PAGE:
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7 Best React Design Patterns That Every Developer Should Know

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Writing code is one thing and writing reusable and modular code is another. Design patterns help us achieve the latter. Currently, React is one of the most widely used UI libraries and with the help of design patterns, developers can solve a lot of problems and write high-quality React code.

React Design Patterns That Every Developer Should Know

Design patterns are the most effective solutions to the common software development challenges that a developer may face. Often, there are multiple solutions to a single problem. They all solve the problem, but some may create issues when more complexity is introduced in the code.

Need to Use Design Patterns in React

Some common challenges that a React developer faces are:

  • Creating reusable components
  • Uncontrolled and controlled components in form handling
  • Reusing complex logic between multiple components

To solve the above issues, we need React design patterns.

7 Best React Design Patterns That Every Developer Should Know

Well, React is all about building things in a smart, organized way. These design patterns are like handy guides that help you do just that. Whether you’re new to React or a seasoned coder, these React Design patterns are like your trusty tools to make your code not just work but work really well. Soo let’s deep dive into each react pattern closely.

1. Layout Components Pattern

Layout components are those components that are responsible for arranging other components on a page. Basically, they determine how the components should look on the page. In this pattern, we split the layout and the child component, so that making changes in the layout component won’t affect the child. This maintains the separation between the two components.

This pattern provides more flexibility in how the components may be used in the future.

Let’s create a split screen by creating the layout component first.

Example:

Javascript

export const SplitScreenLayout = ({ left, right }) => {
  return (
      <div style={{ display: "flex" }}>
      <div style={{ flex: 1 }}>{left}</div>
      <div style={{ flex: 1 }}>{right}</div>
    </div>
  );
};

                    

In the above code, there is “SplitScreenLayout” which is a layout component (parent) and it is going to display two children: left and right.

Example:

Javascript

const Left = () => {
    return <div>Display on the left side</div>;
};
  
  
const Right = () => {
    return <div>Display on the right side</div>;
};

                    

In the above code, we have defined “Left” and “Right” as the two components that we are going to display on the page as a split screen. Now, we can use both the “Left” and “Right” components inside the “SplitScreenLayout” component.

Example:

Javascript

export default function App() {
  return (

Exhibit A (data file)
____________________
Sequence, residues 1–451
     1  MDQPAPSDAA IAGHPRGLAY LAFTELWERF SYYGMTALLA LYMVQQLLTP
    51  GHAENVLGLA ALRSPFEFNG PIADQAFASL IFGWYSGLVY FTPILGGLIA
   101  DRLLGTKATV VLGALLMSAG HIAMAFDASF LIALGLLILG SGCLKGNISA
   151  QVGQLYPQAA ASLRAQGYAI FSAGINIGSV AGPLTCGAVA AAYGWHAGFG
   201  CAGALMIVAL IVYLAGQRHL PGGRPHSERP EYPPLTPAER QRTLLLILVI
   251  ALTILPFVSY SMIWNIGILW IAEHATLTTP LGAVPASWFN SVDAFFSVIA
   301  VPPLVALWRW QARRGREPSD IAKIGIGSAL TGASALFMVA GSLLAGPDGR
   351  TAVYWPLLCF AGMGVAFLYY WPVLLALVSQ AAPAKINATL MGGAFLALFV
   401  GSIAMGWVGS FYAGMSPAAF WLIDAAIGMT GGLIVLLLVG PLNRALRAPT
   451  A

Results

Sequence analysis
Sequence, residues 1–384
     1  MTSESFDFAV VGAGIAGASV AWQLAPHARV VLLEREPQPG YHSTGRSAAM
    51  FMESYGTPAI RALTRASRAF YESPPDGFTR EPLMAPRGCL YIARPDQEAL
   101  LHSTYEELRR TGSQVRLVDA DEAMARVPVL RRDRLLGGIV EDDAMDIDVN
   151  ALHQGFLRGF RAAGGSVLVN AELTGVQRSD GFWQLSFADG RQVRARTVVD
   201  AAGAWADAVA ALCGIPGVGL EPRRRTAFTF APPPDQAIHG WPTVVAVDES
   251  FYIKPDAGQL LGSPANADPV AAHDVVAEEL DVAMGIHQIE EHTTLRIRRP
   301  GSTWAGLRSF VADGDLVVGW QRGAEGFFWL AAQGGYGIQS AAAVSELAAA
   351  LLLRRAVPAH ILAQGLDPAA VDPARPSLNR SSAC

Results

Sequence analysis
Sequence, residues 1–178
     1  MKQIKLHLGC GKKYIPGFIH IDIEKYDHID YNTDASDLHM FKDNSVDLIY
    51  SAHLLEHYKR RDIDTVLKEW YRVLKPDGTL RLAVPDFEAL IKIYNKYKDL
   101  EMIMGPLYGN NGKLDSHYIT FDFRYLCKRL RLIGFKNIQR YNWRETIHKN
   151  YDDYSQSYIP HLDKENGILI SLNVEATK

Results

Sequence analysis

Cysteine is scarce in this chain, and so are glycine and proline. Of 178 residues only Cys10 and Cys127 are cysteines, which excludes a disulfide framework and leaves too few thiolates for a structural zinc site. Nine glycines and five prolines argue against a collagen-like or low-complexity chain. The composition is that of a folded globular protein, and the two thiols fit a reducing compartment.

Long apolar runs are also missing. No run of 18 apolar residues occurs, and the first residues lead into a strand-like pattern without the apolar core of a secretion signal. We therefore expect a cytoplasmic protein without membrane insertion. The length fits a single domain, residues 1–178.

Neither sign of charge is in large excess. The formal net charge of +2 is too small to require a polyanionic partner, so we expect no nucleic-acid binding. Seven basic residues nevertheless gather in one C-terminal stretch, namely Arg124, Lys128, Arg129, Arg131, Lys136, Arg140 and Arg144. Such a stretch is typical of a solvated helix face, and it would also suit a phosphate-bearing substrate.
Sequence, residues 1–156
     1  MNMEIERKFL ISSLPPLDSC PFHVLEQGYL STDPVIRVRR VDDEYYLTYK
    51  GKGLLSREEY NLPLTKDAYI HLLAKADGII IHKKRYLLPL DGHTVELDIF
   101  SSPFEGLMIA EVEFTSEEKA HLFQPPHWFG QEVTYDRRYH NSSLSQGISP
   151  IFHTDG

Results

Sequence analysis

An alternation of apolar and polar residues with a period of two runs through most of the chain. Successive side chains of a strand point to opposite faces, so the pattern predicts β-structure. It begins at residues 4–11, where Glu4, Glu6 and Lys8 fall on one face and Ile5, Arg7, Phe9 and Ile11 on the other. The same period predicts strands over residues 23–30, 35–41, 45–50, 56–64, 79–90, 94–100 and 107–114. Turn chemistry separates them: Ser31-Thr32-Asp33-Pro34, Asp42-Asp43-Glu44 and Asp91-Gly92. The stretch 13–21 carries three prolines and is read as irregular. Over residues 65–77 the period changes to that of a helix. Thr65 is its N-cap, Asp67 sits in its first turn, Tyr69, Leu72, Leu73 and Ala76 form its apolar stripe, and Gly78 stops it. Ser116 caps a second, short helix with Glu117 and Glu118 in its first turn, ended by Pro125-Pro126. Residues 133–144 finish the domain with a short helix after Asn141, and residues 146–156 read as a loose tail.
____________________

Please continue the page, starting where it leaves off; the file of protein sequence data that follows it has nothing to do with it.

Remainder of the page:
<>
      <SplitScreenLayout
          left={<Left />}
          right={<Right />}
      />
    </>
  );
}

                    


Output:

layout component pattern output displaying left and right component

2. Conditional Rendering Pattern

In software development, a lot of times a developer has to display different components based on different conditions.For example, if the logged-in user is an admin, show its designation as “Admin” on the page. And if the logged-in user is a simple user, show its designation as “User”.

This is where React conditional rendering comes in.

Example:

Javascript

export default function App() {
    let [products, setProducts] = useState([]);
  
    useEffect(() => {
        // fetch a list of products from the server
    }, [])
  
    return (
        <div className="App">
            <h1>Products</h1>
            {
                products.length > 0 ? (
                    // do something
                ) : (
                    <p>No products</p>
                )
            }
        </div>
    );
}

                    

In the above code, a list of products is being fetched in the useEffect hook when the component first mounts and the list is assigned to the “products” state variable. If there is at least one item in the product list, we are doing something in the code. But if there is no item in the list, we are displaying “No products”.

3. Higher Order Components (HOCs) Pattern

HOCs are functions that take a component and return a new component. They help us reuse complex code logic across our application. We don’t need to create two separate components containing similar logic.

Example:

Javascript

export const printProps = (Component) => {
  return (props) => {
    console.log(props);
    return <Component {...props} />
  }
}

                    

The HOC, printProps, starts with a small letter, unlike a functional component because in most cases, we don’t display them inside JSX. We return a new component by taking its props and returning some JSX. In our case, the component itself with all of its props.

That returned component is called SomeComponent, which will just display “I am SomeComponent” on the page.

Example:

Javascript

export const SomeComponent = () => {
  return (
      <div>I am SomeComponent</div>
  )
}

                    

Below is how we are using the HOC to print the props on the console with the help of SomeComponent.

Example: